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Lawmakers Worry Whether U.S. Can Keep Gaza Aid Away From Hamas

Secretary of State Hillary Clinton and Middle East envoy George Mitchell, right, arrive at the opening session of the Gaza reconstruction conference in Egypt Monday. (AP Photo)

Lawmakers on Capitol Hill say they are concerned that some of the billions of dollars pledged to rebuild the Gaza Strip, including money from the United States, may end up in the hands of Hamas

Egyptian Foreign Minister Ahmed Aboul Gheit announced at an international donors conference on Monday that $4.48 billion in new funds has been pledged for rebuilding the Gaza Strip, which was devastated in Israel's recent offensive against its Hamas rulers. He said other nations recommitted themselves to funds they promised in the past but never delivered, bringing the total to $5.2 billion. That includes $900 million from the United States, two-thirds of which would be directed to the West Bank-based Palestinian Authority

But the State Department said any money not going directly to the Palestinian Authority would be funneled to Gaza through international organizations and agencies, raising questions about whether those channels can keep the money out of Hamas' hands. 

"To route $900 million to this area, and let's say Hamas was only able to steal 10 percent of that, we would still become Hamas' second-largest funder after Iran," U.S. Rep. Mark Kirk, R-Ill., told FOXNews.com. Kirk called the overall package an apparent "waste of money," given the U.S. recession. Hamas, which the United States considers a terrorist organization, rules the Gaza Strip. 

State Department spokesman Gordon Duguid said Monday that the Gaza support would be provided through USAID, in coordination with United Nations agencies and other international organizations. And it's likely that among them would be the United Nations Relief and Works Agency -- which has been accused of allowing terrorist propaganda in classrooms it funds and has suffered several high-profile examples of terrorist leaders who were on the agency's payroll. 

Most recently, UNRWA handed Sen. John Kerry, D-Mass., a letter addressed to President Obama from Hamas. The group apparently did not tell Kerry the letter was from Hamas, but later told media outlets that it was -- outraging U.S. officials. 

"This aid relief package would be unique in its complete lack of transparency," Kirk said. "If assistance is provided through reputable foreign aid mechanisms that allow outside audits, support on the Hill would build. But if it goes thru UNRWA, which has not had an outside audit, then there's going to be grave concern." 

Several offices have been informally discussing the possibility of avoiding UNRWA altogether and routing the money through the United Nations Development Programme instead.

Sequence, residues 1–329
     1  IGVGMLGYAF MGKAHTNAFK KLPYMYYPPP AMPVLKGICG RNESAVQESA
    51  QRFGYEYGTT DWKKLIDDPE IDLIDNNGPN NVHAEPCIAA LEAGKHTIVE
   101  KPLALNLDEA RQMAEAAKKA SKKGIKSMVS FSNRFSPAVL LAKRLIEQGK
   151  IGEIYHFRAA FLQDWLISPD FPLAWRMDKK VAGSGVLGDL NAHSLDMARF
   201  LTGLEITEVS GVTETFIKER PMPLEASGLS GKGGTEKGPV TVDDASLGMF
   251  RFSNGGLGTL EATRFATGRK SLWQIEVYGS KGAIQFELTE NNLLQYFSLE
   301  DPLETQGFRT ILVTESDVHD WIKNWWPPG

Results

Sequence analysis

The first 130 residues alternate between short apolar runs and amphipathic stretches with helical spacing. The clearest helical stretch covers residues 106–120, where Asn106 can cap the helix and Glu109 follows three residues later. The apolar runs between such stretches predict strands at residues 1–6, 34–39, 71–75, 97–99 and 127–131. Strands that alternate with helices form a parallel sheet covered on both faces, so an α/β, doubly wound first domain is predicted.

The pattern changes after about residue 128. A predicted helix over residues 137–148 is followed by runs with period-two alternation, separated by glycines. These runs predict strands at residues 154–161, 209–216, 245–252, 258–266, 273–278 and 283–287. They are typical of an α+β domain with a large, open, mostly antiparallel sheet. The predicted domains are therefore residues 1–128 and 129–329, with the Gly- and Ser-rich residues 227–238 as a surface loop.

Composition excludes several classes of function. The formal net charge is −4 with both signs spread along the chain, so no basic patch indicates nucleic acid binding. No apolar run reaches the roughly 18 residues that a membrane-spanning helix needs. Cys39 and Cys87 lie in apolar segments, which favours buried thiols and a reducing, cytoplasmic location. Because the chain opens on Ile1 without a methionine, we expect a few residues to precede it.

Over 45 House members have signed a letter from Kirk and Reps Steve Rothman, D-N.J., to Secretary of State Hillary Clinton demanding an outside audit of UNRWA. 

Clinton, who is on her first foray into Middle East diplomacy, declared the Obama administration has committed to working intensively to find a way for Israelis and Palestinians to exist peacefully in separate states. She used the international donors conference to issue a blunt call for urgent action to forge a comprehensive Arab-Israeli peace, and she said American aid will not end up in the wrong hands. 

"We have worked with the Palestinian Authority to install safeguards that will ensure our funding is only used where and for whom it is intended and does not end up in the wrong hands," Clinton told the conference. She did not mention Hamas, but she alluded to extremist elements. 

"It is time to break the cycle of rejection and resistance," she said, "to cut the strings pulled by those who exploit the suffering of innocent people." 

But even if the donors bypass Hamas, as is likely, it would benefit from any aid that eases pressure on it to help the needy. 

And even money given by the U.S. through its own entities is not guaranteed to stay out of the hands of terrorists. 

In 2007, Congress changed the laws governing foreign aid after learning that USAID had been funding the Hamas-controlled Islamic University in Gaza. Lawmakers moved to enhance restrictions on aid to any group that has advocated or supported terrorism, or that has a leader in the organization who has done so. 

Meanwhile, Clinton said Monday that President Obama would continue the Bush administration's focus on seeking a two-state solution that entails Israel and a sovereign Palestinian state co-existing peacefully. 

"It is time to look ahead," she said. "The United States is committed to a comprehensive peace between Israel and its Arab neighbors, and we will pursue it on many fronts."  

Clinton is scheduled to travel to Jerusalem this week to consult with Israeli officials and to the West Bank to meet with Palestinian officials. She gave no breakdown of the U.S. funding for the region, but her spokesman, Robert A. Wood, said on Sunday that it included $300 million in humanitarian aid for Gaza and about $600 million in budget and development aid to the Palestinian Authority. 

Clinton stressed that the Obama administration is taking a wide-angle view of the humanitarian crisis in Gaza following weeks of attacks by Israel in response to Hamas rockets fired into southern Israel. 

"Only by acting now can we turn this crisis into an opportunity that moves us closer to our shared goals," she said. 

"By providing humanitarian aid to Gaza we also aim to foster conditions in which a Palestinian state can be fully realized, a state that is a responsible partner, is at peace with Israel and its Arab neighbors and is accountable to its people," she added. 

FOXNews.com's Joel Mowbray and The Associated Press contributed to this report.